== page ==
Ankur Maheshwari, CEO, Equirus Wealth, advises investors to avoid the noise in the short term and take investment decisions for the long term. India clearly seems to be coming out of the COVID impact very well and better-than-expected earnings in the last quarter reflect the same, he added.
Maheshwari, who has an experience of 15 years in the capital market, recommends clients to add/remain invested in equities and look at every dip as a buying opportunity.
In an interview with Moneycontrol’s Kshitij Anand, he said it is slightly early to say if commodities are in a super-cycle, but the economic revival will certainly lend support to demand-based price inflation in commodities.
Q) Indian market seems to be in a firm bull market, but weak global cues could be a spoiler in the short term. What would you advise investors?
A) It is difficult to predict market behaviour in the short term as it tends to get influenced by more near-term sentiment which may not necessarily be right.
Our advice to investors has always been to avoid the noise in the short term and not take investment decisions basis that.
Over the longer term, India clearly seems to be coming out of the COVID impact very well and better-than-expected earnings in the last quarter reflect the same.
Hence, we would recommend clients to add/remain invested in equities and look at every dip as a buying opportunity.
Q) What is happening with commodities? Crude seems to be inching higher, we are seeing some action in metals as well. Do you think we are entering the commodity supercycle for the first time since 2008?
A) Expected economic recovery is acting as strong support for most of the commodities. With COVID-19 impact reducing and interest rates keeping low the world over, firms can now start looking at expansion and thereby fuel economic activity. This is providing a boost to commodity prices.
It’s slightly early to say if it is a super-cycle, but over economic revival will certainly lend support to demand-based price inflation of commodities.
Q) A lot of beaten-down stocks are beginning to get buyers’ attention. Any Dark Horses which investors can look at and why?
A) One sector that seems to be poised for a favourable interest is the infrastructure/capital goods and related segment. This theme has not played out well for last many years.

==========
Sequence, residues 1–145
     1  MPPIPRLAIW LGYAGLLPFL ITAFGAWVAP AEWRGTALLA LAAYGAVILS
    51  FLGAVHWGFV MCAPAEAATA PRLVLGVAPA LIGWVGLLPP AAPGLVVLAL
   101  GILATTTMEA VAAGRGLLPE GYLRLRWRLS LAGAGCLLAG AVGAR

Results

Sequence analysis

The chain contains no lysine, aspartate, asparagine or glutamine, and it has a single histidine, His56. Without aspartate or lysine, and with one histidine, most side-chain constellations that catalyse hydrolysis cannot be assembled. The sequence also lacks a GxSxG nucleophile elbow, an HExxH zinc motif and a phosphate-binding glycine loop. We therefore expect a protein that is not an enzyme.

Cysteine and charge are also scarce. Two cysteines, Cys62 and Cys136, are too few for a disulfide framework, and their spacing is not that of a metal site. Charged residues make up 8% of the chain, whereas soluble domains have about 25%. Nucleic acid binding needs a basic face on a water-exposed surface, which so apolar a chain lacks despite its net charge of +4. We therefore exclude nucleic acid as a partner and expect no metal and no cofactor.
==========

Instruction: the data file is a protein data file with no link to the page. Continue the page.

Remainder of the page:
However, with Budget announcements focussed on it and valuations being in favour, next few years could see a run similar to the famous 2003-07 infrastructure-led rally.
Q) Gold seems to be inching towards a bear market (a fall of 20% from the highs). What are your views, and what should investors do with the yellow metal?
A) Gold saw a surge in prices largely driven on the following counts – (1) Macroeconomic concerns & build-up of recessionary scenario across the globe due to the COVID-19 crisis, (2) surplus liquidity in the economy owing to central bank actions, (3) historically low-interest rates across the globe, which do not show signs of moving up anytime soon, and (4) Investors’ preference for flight to safety in turbulent times.
From an investor’s perspective, gold has always acted as a hedge. However, with the change in economic & market sentiment, allocation by investors has moved to riskier assets from safer assets such as gold. We believe gold should be 5-10% of a portfolio on a steady-state basis.
Q) Small & Midcaps seems to have caught investors’ fancy as the segment is turning out to be resilient even on dips. What is powering the rally?
A) Amid the economic cycle revival and expectations of resumption of business activities in a post-COVID world, the sentiment has changed from risk-off to risk-on.
In line with that, mid & small cap provide that opportunity to an investor, where owing to high beta, there is significant scope for return & alpha generation if the right stock selection is done. Hence, there is increased interest from investors, who have higher risk appetite.
Q) Amid the privatization buzz – what should investors do with the PSU space?
A) PSU as a sector in India has had only limited success with regards to value creation for an investor. The reasons have been many – lack of clear strategic direction, stiff competition from the private sector, inefficient capital allocation, amongst others. So, while there has been a lot of buzz on privatization, we would be wary of investing in this space only basis news flow.
Q) Where is smart money moving especially in the last few weeks – global setup has changed a bit, and on the domestic front strong micro and macro data does suggest economic and earnings recovery in the offing?
A) From an asset class perspective, equity seems to be back in favour with both foreign and domestic investors.
The interest has also moved from defensive plays like consumption to more cyclical plays like infrastructure and commodities.
From a market-cap segment perspective, investors are open to taking a higher risk by allocating incremental capital in mid & small caps.
Q) How are foreign investors viewing India especially after rise in US Bond Yields?
A) Rising yields in the US and India have triggered concern over the negative impact on other asset classes, especially equities, and even gold.
Traditionally, when yields rise in the US, FPIs move out of Indian equities. Also, it has been seen that when the bond yield in India goes up, it results in capital outflows from equities and into debt.
However, given ample liquidity available globally and strong economic revival anticipated in India once dust around Covid settles down, equities could continue to do well.